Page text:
The Developer Ecosystem in 2018: Key Trends for C and C++

For the second year in a row, we have polled thousands of people to learn what’s hot and what’s not in the world of developers in 2018. The Developer Ecosystem survey aims to reveal which technologies are trending today, how languages are evolving, and which tools developers are adopting the most. The results are finally in, so go ahead and get the full scoop!

Later we will also publish (anonymized) raw data for everyone interested in taking a look for themselves. Now, let me share the most interesting findings from this year’s study relating to C and C++.

For C, the most interesting questions are about the tooling being adopted, while for C++ we were squirming to know “Which C++ standard do developers mostly use?”. Since this is a second such study, we can also compare the results to those from 2017 and identify some fascinating trends.

View The State of Developer Ecosystem 2018 Report

Top C facts

It seems that among all the respondents developing in C, 48% have abandoned all unit testing frameworks. This is a hike of 18% compared with last year. In contrast, among C++ developers the abandon rate soared by 20% this year. If we speculate about why this is happening, could it be that unit testing frameworks don’t fit the C/C++ developer ecosystem? Is the entry level too high? Or maybe there’s a lack of documentation and learning resources? What’s your take on this?

Makefiles were probably expected to come in as the most popular project model, but second place now goes to CMake (among C developers). Interestingly, Xcode project model has moved up from 5% to 9%.

In terms of IDEs, both CLion and Visual Studio Code have gained a lot of popularity among C developers. Still, the top honor this year goes to Vi/Vim! By the way, if you’re accustomed to Vim, you can install a Vim-emulation mode in CLion to benefit from familiar Vim key bindings and the functionality of CLion at the same time.

Top C++ facts

The C++17 standard was officially signed last year and is now seeing growing adoption numbers: 18%, compared with 12% last year. However, while nearly half of all respondents who are not on C++17 yet plan to upgrade to one or another new standard, only 8% of those who are not on C++17 yet are considering moving to C++17 in the next 12 months.

CMake, Visual Studio project, and Makefiles are still the hottest build systems. However, the order has changed. CMake has finally prevailed over Visual Studio project! It’s also great to still see SCons and Bazel in the top 10.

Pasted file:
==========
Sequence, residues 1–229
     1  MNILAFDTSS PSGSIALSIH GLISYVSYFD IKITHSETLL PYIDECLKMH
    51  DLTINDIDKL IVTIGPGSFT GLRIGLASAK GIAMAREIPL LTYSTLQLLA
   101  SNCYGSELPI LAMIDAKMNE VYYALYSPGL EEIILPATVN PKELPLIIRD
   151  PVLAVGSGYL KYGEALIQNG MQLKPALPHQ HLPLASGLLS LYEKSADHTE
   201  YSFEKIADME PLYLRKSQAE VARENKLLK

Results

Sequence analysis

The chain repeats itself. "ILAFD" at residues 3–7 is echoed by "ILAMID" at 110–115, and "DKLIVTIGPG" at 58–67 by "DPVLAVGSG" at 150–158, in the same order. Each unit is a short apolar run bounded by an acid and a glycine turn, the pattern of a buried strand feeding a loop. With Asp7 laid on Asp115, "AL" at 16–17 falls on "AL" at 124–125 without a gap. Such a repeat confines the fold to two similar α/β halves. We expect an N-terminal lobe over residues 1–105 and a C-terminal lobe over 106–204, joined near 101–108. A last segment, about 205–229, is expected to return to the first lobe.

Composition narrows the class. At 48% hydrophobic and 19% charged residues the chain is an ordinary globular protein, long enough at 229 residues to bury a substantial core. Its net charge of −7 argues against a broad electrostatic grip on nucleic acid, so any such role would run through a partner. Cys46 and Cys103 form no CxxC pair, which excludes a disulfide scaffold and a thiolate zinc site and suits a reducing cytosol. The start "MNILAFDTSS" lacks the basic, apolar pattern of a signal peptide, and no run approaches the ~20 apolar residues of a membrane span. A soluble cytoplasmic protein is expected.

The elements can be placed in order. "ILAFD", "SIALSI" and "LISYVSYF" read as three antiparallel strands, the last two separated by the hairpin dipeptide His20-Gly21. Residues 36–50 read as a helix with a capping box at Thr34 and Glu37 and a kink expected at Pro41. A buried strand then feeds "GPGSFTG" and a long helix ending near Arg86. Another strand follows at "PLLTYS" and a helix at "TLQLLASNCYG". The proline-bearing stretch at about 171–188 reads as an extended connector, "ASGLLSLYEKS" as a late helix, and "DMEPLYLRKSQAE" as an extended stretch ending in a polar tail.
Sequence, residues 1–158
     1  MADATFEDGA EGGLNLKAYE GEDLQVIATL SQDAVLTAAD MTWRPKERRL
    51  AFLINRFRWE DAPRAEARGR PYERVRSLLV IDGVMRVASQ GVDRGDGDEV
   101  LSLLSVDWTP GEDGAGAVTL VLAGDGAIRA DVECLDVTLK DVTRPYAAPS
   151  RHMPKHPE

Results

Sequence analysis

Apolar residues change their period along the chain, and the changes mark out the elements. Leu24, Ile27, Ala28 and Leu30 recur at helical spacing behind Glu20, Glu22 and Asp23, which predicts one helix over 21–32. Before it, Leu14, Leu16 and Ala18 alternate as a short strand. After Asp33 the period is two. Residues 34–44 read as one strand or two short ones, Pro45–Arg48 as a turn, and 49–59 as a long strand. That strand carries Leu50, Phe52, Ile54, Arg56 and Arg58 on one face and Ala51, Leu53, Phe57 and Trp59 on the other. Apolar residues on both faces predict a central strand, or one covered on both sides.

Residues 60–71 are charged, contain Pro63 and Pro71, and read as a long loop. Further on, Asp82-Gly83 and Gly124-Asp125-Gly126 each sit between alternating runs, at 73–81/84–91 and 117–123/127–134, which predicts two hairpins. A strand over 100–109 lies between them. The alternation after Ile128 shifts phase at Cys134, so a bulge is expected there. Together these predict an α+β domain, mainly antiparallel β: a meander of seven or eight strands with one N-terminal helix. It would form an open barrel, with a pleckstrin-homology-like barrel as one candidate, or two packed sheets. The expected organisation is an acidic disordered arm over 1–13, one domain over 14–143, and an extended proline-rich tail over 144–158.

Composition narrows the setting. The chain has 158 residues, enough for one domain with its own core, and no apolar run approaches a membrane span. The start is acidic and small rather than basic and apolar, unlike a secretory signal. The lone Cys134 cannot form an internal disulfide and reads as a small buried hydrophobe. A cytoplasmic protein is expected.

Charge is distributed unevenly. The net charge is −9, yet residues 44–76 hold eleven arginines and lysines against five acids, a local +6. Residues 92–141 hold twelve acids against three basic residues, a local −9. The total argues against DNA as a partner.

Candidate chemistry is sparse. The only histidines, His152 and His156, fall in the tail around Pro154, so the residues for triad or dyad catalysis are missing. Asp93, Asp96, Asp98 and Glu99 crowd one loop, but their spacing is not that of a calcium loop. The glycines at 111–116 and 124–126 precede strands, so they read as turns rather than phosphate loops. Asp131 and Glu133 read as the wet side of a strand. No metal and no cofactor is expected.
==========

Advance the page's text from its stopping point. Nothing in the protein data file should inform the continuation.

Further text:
Talking about other languages, it’s worth mentioning Java and Python as the languages most frequently used together with C++, as well as Rust, which 8% of C++ developers plan to adopt / migrate to in the next 12 months. If you’re looking for a Rust IDE, try the Rust plugin for CLion, which comes with Cargo build system and debugger support!

View The State of Developer Ecosystem 2018 Report

What do you think about these trends? Sound off in the comments section below!

Your CLion Team
The Drive to Develop

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9 Responses to The Developer Ecosystem in 2018: Key Trends for C and C++

  1. Tano says:

    “By the way, if you’re accustomed to Vim, you can install a Vim-emulation mode in CLion to benefit from familiar Vim key bindings and the functionality of CLion at the same time.”

    The reason people use vim is the speed, the archenemy of CLion.:)

    • Anastasia Kazakova says:

      It depends I guess. Mostly yes, vim is used for quick editing actions. But sometimes people need full IDE functionality while still would like to stay with Vim key bindings.

      • Tano says:

        Believe me, there are a lot of programmers that use vim as an IDE, with a lot of plugins, not just as a quick editor.Some of my colleagues use vim better than I use CLion, they know zillions of shortcuts :)).Atoogle also a lot of people use vim for development, because they have big repos and IDEs are too slow when dealing with too many files.

      • Tano says:

        See the isocpp survey, vim is the second IDE used in c/c++, after vstudio

        • Anastasia Kazakova says:

          Thanks. We saw that survey of course.

          I personally was using Vim for many years in my C++ development. And I believe it’s a good choice for many cases (and indeed Vim is more than just an editor, especially with all the plugins). But I would not call Vim an IDE.

          However, I’m happy to see Vim in top of most used C/C++ IDE. As it sets a great performance goal for the others 😉

        • Woody says:

          Also, keep in mind that VStudio offer a Vim plugin. While my answer would also likely be VStudio, it’s only because I can also use Vim keybindings. If the plugin were not available, I would likely have stayed back on a version that supports it, or moved to CMake (as I have for projects not based in MS world, where I use Vim/YouCompleteMe).

  2. Tano says:

    At Google*

  3. Sergei Vlasov says:

    VS developers sat quietly in a corner, chuckled and .. just worked.

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